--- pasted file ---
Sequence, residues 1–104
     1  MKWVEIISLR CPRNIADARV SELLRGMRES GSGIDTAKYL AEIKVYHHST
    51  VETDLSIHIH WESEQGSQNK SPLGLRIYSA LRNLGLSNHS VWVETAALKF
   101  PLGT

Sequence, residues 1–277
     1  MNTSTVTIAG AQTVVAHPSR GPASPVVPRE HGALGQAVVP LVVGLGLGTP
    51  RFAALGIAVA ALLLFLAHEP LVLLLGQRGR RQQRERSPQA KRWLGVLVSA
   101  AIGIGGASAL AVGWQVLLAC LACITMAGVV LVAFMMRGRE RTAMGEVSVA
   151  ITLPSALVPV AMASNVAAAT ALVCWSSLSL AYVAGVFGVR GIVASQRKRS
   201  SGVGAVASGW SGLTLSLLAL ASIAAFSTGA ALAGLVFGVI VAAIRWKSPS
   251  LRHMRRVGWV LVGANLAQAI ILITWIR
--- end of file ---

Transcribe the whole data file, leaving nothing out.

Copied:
Sequence, residues 1–104
     1  MKWVEIISLR CPRNIADARV SELLRGMRES GSGIDTAKYL AEIKVYHHST
    51  VETDLSIHIH WESEQGSQNK SPLGLRIYSA LRNLGLSNHS VWVETAALKF
   101  PLGT

Sequence, residues 1–277
     1  MNTSTVTIAG AQTVVAHPSR GPASPVVPRE HGALGQAVVP LVVGLGLGTP
    51  RFAALGIAVA ALLLFLAHEP LVLLLGQRGR RQQRERSPQA KRWLGVLVSA
   101  AIGIGGASAL AVGWQVLLAC LACITMAGVV LVAFMMRGRE RTAMGEVSVA
   151  ITLPSALVPV AMASNVAAAT ALVCWSSLSL AYVAGVFGVR GIVASQRKRS
   201  SGVGAVASGW SGLTLSLLAL ASIAAFSTGA ALAGLVFGVI VAAIRWKSPS
   251  LRHMRRVGWV LVGANLAQAI ILITWIR